Dragons and Kisses

Now with more gay

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Final Fantasy XIII is coming to Steam October 9!! Maybe everyone knew but I sure didn’t!

I’ve heard bad things about it but the JRPG fan in me can’t help but aaaaaaaaaaaaaaaaaaaaaaaaaaaaah

I mean get excited

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Because I’m not always full of energy or motivation or time to cook, I often make one or more big batches each week that’s good for at least four meals and just eat it several days in a row.

Last week one of those meals was Japanese-style curry and this week I started craving it again, so I bought another box of curry roux, but this time I bought the extra hot, because the hot was actually just medium according to my tastes. I’m also going to add sweet potatoes (in addition to the potatoes, onions, and carrots I used last time). I thought about making the roux from scratch but I got lazy.

Filed under food-

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*sings* Libérez nous des Libéraux, Libérez-nous des Libéraux, Libérez-nous des Libéraux~

FYI for those not in Quebec and not following Quebec politics, the Liberal Party of Quebec is in no way, shape or form a progressive party. It is the economic liberal, as in neoliberal, as in *capitalism intensifies*. ETA: Wikipedia calls them centrists and certainly they aren’t *super* conservative or anything, but they do like their austerity measures and they don’t seem to like Muslims, soooooo…

And the song above is by Loco Locass

Filed under not that any of the major parties seem to like muslims lately

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Quebec Liberals working on 'moderate' Charter of Values


no no no no no

(via asexualsatyr)

Filed under pour une charte ugh fuck la charte I'm sure mister is happy quebec canada islamophobia

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Quebec laws keep undocumented children out of school | rabble.ca

For two years, 13-year-old Max stayed home while most children his age made their way to school in Quebec. Max and his mother applied to become refugees in Canada and while their application was in process, Max attended school. But when their application got denied, he was ineligible to go to public school for free and his mother would have to pay $5,000 to $6,000 per year. At the time, Max’s mother, who cleaned houses to pay rent, could not afford the fees and so Max remained at home. Two years later, the family got their status and he attended school once again. However, advocates argue that being away from school has a long-lasting effect on the social and personal progress of undocumented children like Max.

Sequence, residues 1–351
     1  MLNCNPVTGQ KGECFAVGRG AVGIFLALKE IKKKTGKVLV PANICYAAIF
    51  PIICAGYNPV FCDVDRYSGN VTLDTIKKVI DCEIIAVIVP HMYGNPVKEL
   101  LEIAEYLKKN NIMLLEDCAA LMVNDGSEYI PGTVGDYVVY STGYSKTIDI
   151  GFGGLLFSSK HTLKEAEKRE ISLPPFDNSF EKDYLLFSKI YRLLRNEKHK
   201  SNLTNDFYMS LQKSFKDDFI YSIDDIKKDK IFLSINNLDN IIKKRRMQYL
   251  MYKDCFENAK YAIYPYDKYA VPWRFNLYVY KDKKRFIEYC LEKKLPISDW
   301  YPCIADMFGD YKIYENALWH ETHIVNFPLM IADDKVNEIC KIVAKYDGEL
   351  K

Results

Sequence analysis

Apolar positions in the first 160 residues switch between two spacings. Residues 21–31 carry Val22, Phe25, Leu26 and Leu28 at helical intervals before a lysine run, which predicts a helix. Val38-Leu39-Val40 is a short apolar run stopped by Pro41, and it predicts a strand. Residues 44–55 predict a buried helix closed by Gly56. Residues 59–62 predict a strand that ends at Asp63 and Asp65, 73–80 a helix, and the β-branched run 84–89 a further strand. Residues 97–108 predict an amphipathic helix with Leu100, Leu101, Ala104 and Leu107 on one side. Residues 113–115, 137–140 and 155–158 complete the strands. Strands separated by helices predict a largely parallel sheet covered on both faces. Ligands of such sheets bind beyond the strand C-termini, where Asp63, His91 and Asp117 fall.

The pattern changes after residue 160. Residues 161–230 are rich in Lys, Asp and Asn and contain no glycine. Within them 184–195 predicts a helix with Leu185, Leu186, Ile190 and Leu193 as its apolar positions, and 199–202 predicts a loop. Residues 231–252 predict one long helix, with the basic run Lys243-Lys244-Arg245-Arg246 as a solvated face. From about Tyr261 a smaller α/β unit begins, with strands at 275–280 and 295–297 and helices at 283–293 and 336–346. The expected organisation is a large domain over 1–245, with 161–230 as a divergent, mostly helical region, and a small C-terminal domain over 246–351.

This September as children across Quebec head to school, untold numbers of undocumented children, like Max, will be left behind, according to the Education Across Borders Collective, a Montreal-based advocacy group. 

Most cities in North America offer free primary and secondary education for all children regardless of their immigration status. However, non-status children in Quebec cannot attend public school unless they are charged with the $5000 to $6000 fee. Most undocumented families in Canada have a hard time affording to pay the fee because of their precarious situations. 

"It’s a very confusing system… people’s status and paperwork are reversible but what is not reversible and what can’t be changed is the effect on these children who are being kept from school," said Malek Yalaoui, a member of the Education Across Borders Collective

Yalaoui added that Quebec is the only jurisdiction in North America that systematically prevents non-status children from attending school for free. 

"Quebec really stands out alone in the world on this issue," she said. 

The collective is demanding that the Quebec Ministry of Education change the law to allow free public education for all children. The group is also calling people across Canada to take part in actions and campaigns to pressure the government to change its law. 

(Source: fycanadianpolitics, via asexualsatyr)

Filed under gross quebec canada school discrimination

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I am reading The Rise and Fall of the House of Medici as research, and it starts out with a detailed portrait of 14th and 15th century Florence that alternates between fascinating and horrifying.

For instance, did you know that in Florence, buying slaves from abroad was legalized in 1336? Obviously this was before the Atlantic Slave Trade, and most of the slaves were Turkish, Greek, or Russian. I won’t go too much into details, but it was a form of chattel slavery in which slaves had basically no rights and owners could do whatever they wanted with them. Often they were young women and worked as servants in rich households (p.23).

I wouldn’t entirely recommend the book, as the writer, Christopher Hibbert,  uses phrasing that implies he agrees with certain prejudices held by the historical people he studies (not saying he does agree, but at the very least it’s jarring to read certain things framed as fact) but it is interesting so far and I often find historical works a bit dry.

Filed under slavery-

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I read the remaining three Circle of Magic books (by Tamora Pierce) last night and they were So Good!

Now I’m going to have to read The Circle Opens. But I’ll probably hold off a couple of days so I’m more motivated to read my research books in the mean time.

Filed under bs bookrants

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Hmmm part of me wants to replay certain bits of ACII, possibly with Italian audio this time, to refresh my memory for my potential fic

but meeeeeh it’s not my favorite game in the series and Ezio is meh

I think I’m in the minority on that though

Filed under assassin's creed-